Hierarchical Cross-linking for Synergetic Toughening in Crustacean-Mimetic Nanocomposites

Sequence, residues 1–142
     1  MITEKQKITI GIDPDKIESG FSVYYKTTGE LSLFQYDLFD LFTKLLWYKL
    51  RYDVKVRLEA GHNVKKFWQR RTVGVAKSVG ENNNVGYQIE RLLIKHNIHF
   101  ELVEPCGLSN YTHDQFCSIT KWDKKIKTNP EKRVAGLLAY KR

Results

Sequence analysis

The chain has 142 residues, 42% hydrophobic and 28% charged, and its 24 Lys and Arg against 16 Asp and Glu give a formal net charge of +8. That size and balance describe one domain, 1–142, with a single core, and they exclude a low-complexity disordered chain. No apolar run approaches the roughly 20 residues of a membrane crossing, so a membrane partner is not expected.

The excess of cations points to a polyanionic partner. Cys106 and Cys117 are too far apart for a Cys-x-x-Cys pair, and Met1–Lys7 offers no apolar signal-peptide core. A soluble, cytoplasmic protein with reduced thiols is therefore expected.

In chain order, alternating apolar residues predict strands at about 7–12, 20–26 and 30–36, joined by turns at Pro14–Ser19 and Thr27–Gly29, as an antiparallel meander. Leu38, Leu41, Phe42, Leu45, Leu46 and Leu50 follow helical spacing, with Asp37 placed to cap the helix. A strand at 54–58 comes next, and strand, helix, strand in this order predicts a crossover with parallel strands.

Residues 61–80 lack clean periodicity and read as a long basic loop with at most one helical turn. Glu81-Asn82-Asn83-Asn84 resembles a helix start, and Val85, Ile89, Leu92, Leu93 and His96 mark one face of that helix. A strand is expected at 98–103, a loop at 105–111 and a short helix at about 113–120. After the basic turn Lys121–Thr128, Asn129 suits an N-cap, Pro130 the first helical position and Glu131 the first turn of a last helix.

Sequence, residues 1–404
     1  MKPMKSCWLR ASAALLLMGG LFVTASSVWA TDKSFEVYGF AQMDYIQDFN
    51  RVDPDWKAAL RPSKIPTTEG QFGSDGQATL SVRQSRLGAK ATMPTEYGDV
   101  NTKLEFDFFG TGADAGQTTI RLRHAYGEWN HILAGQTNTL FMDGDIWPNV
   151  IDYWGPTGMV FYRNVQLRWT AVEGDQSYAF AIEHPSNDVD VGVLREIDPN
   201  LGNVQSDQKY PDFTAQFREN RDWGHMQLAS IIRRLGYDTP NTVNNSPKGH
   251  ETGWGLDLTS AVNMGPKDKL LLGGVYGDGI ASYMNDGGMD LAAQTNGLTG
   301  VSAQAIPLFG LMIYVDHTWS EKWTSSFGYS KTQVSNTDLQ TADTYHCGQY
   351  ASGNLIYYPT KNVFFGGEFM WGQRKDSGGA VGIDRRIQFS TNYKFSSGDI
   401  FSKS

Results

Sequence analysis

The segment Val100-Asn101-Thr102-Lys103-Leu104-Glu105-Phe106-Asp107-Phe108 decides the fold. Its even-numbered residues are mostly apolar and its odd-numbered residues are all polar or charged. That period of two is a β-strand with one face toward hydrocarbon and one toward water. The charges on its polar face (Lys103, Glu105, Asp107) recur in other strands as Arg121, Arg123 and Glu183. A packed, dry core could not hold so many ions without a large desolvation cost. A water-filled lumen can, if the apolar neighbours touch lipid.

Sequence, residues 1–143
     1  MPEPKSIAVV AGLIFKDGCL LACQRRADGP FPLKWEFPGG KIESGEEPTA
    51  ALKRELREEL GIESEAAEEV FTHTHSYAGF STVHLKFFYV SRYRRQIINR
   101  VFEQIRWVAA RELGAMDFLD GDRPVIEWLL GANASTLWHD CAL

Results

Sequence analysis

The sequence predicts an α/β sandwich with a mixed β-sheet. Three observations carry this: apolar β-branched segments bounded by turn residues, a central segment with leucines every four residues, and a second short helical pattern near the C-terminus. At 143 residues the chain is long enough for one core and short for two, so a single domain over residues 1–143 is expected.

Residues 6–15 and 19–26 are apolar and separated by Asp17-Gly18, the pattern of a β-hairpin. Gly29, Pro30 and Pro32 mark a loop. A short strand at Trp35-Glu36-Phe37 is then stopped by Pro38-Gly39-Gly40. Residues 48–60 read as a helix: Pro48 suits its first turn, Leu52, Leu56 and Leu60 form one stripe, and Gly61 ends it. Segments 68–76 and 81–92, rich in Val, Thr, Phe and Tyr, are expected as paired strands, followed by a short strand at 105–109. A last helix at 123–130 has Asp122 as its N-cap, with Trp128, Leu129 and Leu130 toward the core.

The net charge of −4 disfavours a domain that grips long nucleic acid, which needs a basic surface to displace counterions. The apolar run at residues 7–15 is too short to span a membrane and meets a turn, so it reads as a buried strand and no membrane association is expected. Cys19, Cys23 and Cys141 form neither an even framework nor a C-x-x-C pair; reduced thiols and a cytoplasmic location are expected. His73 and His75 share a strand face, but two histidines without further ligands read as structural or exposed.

The twisted plywood structure as found in crustacean shells possesses excellent mechanical properties with high stiffness and toughness. Synthetic mimics can be produced by evaporation-induced self-assembly of cellulose nanocrystals (CNCs) with polymer components into bulk films with a cholesteric liquid crystal structure. However, these are often excessively brittle and it has remained challenging to make materials combining high stiffness and toughness. Here, we describe self-assembling cholesteric CNC/polymer nanocomposites with crustacean-mimetic structure and tunable photonic band gap, in which we engineer combinations of thermo-activated covalent and supramolecular hydrogen-bonded crosslinks to tailor the energy dissipation properties by precise molecular design. A toughening occurs upon increasing the polymer fractions in the nanocomposites, and, critically, combinations of both molecular bonding mechanisms lead to considerable synergetic increase of stiffness and toughness – beyond the common rule of mixtures. Our concept following careful molecular design allows to enter previously unreached areas of mechanical property charts for cholesteric CNC-based nanocomposites. The study shows that the subtle engineering of molecular energy dissipation units using sophisticated chemical approaches enables to efficiently enhance properties of bioinspired CNC/polymer nanocomposites, and opens the design space for future molecular enhancement using tailor-made interactions.